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>> woodruff: in recent weeks we've also talked with republicans ted cruz of texas, jeff flake of arizona, and deb fisher of nebraska. and democrats heidi white camp of north dakota and tim kaine of virginia as well as independent angus king of maine. you can find those interviews on our web site. approach to teaching that's >> ifill: now, a different approach to teaching that's catching on in some schools. it's less focused on testing, per se and more on making sure that students are picking up skills they can apply in the real world. special correspondent john tulenko from our colleagues at the learning matters team has the story. >> reporter: for a dozen years education policymakers bet more testing and more accountability would mean more learning. but the gains have been modest at best and achievement gaps
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persist. and then there's everything that's not on the tests-- like creativity, responsibility and self-motivation. leaders in business and academia say not enough is being done to develop these vital traits. one possible solution? give students ways to apply their learning to bigger things than taking tests. >> we're building robots that are made to collect resources which are ping-pong balls. >> reporter: this was 13-year-old nathaniel's introduction to the idea that nations compete for scarce energy resources. >> you can do whatever you want to make them do this but they have to be able to go out, get ping-pong balls and bring them back. >> reporter: building robots kicked off a four-month study of energy by eighth grade students at king middle school in portland, maine. it's the theme of all their classes and it's led by science teacher peter hill. >> the school's approach is if everybody's engaged, everybody's
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learning as much as possible. so we plan exciting real world things that are tangible for the kids then do something really meaningful with it. so we need to revolutionize the way we use energy so we can improve people's lives. >> reporter: hill handed the students an ambitious assignment to finish by the end of the course: to build their own alternative energy devices. >> you're going to create a device that captures natural energy and transforms it into something that's useful for people in some part of the world. >> reporter: the idea that school work can and should have a real-world application is central to the philosophy at king. >> second to last one says a building that uses passive solar technology. >> reporter: and a hallmark of deeper learning. >> they see the meaningful and purposefulness behind what they're doing. that's what gets kids to sink their teeth into content. >> reporter: kids like leva pierce. >> i'm really excited to be creating this device. it really makes you feel, i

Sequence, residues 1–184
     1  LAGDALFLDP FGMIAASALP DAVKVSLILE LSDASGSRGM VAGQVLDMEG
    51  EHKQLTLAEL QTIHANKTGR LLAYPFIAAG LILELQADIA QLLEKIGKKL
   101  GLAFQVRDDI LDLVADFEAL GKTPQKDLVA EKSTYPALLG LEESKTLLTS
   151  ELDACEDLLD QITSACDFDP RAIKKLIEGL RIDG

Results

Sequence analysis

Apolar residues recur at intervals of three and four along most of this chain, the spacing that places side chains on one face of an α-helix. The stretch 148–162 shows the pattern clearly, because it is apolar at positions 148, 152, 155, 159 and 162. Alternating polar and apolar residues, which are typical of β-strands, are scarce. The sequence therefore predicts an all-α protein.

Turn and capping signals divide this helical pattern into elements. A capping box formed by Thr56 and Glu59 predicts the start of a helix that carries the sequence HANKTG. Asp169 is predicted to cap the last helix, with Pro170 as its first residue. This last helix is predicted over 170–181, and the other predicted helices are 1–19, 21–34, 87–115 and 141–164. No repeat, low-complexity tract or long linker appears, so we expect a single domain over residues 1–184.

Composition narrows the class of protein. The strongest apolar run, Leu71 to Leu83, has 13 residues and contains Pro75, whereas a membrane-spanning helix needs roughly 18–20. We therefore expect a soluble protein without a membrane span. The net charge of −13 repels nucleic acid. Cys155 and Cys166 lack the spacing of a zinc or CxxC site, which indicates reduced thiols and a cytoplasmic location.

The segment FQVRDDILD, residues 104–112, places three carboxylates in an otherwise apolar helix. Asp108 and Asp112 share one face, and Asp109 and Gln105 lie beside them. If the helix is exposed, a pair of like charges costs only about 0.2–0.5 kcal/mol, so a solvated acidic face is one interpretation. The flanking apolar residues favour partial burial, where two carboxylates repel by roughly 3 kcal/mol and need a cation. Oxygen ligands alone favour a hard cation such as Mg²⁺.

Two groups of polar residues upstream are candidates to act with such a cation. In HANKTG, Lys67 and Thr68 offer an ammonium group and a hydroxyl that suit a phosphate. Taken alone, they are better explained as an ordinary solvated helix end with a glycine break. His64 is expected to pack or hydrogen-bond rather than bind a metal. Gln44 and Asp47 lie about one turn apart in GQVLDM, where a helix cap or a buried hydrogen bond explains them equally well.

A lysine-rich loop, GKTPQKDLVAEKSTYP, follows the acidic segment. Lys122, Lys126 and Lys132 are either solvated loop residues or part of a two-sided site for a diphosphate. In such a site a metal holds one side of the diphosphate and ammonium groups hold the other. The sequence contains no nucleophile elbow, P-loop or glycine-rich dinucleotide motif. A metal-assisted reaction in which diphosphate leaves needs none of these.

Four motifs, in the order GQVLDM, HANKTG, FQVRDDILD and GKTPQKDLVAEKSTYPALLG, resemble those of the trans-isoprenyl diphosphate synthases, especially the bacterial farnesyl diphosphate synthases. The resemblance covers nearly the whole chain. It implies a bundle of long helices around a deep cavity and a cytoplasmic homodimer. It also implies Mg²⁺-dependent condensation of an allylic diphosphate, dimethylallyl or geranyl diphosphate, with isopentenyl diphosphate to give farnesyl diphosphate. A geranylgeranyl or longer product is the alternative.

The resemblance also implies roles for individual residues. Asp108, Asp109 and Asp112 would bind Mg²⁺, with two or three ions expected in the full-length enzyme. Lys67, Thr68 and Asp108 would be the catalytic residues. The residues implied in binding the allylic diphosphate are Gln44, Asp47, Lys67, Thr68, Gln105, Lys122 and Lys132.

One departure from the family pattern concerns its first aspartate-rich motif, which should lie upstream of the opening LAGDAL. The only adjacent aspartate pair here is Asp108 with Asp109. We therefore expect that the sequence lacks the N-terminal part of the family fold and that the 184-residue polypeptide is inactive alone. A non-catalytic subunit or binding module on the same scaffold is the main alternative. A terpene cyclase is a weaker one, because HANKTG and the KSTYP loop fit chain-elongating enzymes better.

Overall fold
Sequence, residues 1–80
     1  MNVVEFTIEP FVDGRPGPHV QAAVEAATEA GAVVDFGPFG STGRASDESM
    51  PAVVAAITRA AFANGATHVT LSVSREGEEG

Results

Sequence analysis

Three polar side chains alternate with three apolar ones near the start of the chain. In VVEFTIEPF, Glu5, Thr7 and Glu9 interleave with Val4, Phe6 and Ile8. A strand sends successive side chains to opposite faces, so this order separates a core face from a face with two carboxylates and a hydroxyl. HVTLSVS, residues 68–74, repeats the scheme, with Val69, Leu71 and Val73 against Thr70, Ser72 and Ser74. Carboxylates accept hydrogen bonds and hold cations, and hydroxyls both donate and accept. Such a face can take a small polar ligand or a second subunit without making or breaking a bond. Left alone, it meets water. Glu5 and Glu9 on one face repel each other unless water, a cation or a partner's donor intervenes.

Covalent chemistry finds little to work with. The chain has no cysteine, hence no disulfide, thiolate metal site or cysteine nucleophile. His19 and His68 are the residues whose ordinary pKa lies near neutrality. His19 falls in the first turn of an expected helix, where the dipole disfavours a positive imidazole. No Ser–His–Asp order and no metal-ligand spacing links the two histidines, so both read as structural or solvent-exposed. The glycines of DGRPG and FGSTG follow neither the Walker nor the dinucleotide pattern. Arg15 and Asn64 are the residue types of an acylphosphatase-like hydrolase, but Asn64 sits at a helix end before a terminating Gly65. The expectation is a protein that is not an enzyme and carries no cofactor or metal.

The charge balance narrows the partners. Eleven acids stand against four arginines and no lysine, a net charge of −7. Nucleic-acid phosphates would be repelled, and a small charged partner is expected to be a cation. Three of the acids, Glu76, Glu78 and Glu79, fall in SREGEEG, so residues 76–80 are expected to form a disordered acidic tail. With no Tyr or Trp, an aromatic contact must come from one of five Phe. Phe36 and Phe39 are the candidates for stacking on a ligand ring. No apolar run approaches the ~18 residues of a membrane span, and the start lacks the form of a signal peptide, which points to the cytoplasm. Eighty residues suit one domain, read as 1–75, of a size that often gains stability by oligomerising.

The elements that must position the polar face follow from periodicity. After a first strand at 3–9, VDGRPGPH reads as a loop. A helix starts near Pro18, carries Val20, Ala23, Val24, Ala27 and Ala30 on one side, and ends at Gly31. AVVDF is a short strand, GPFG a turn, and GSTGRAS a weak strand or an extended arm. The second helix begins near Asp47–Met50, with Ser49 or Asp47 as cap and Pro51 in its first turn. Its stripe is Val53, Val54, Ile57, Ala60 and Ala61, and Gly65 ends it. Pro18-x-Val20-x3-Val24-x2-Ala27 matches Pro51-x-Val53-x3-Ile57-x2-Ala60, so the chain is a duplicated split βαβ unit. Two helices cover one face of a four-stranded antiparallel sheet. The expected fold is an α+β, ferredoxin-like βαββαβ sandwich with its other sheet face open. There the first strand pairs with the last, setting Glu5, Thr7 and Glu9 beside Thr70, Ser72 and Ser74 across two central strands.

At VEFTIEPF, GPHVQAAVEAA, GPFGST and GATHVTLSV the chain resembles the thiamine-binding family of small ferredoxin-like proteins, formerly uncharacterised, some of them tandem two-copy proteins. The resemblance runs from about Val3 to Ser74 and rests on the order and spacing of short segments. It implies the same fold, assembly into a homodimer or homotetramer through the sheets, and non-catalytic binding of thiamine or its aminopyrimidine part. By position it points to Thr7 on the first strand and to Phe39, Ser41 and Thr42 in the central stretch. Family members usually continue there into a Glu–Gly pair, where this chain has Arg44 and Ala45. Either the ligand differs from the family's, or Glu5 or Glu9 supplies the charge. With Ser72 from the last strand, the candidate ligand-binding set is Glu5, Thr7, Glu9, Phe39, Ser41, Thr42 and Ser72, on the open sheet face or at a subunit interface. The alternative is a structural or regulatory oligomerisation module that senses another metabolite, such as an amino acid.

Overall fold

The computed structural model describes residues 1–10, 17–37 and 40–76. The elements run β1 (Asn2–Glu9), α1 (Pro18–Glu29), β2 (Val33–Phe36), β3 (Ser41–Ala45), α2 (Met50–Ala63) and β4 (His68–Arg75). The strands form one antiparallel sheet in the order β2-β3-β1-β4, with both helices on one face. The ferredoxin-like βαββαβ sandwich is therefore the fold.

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don't know, grown-up, i guess, because you can actually grow up and do that. it's not just learning, it's experiencing. >experiencing. two! we got two! >> reporter: approach is similar at p.s.-130, a public elementary school in brooklyn, new york. >> puppet designers, who do we need to think about as we design our characters. >> the audience. >> reporter: visiting artist sara provost comes here twice a week to help fourth graders learn about native american culture by turning the myth they're reading in class into a puppet show. how is this better than just reading the story, sitting in group and talking it throw? >> so many ways. it's so -- i think it really makes the story come to life, obviously. they really internalize the story. they kind of get to live the story, you know? >> reporter: they're also learning other lessons.
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here's how. each student is making a puppet, but we were surprised so many puppets looked alike. turns out, they represent the same character but at different points in the story. >> let's make it that color. >> reporter: it's done this way to encourage collaboration, another hallmark of deeper learning. do you think the audience will know that this is the same character? >> yes. >> yes. >> they did an awesome job. we're asking them to think like artists. to really listen to one another's ideas, share their ideas. that's how they do it as their design team. >> reporter: social skills matter, but most public schools, under pressure to raise test scores, put a higher premium on academics and that doesn't sit well with deeper learning advocates like katie honk. >> i think just by focusing on just the academic content we left behind all of these other aspects of the whole child that are really also important to develop.
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>> let me see? >> reporter: deeper learning advocates believe it's not just what students know that will shape the course of their adult lives. what matters as much is who they are and how they see themselves and that starts at a fundamental level with how each child views their own capacity to learn. >> so, for example, having a growth mind-set versus a fixed mind-set. so the idea that intelligence is not something that you're born with but it's something that you can get good at if you put in effort. >> reporter: what can teachers do to develop the kinds of things that you're talking about? >> very simplistically, the way a teacher gives feedback on a test. >> reporter: huang sites a study in which teachers told a group of students they'd done well on a test because they were smart and another group because they'd tried hard. then they offered the students a chance to take the test again. >> the first group where they were told that they were smart actually don't really want to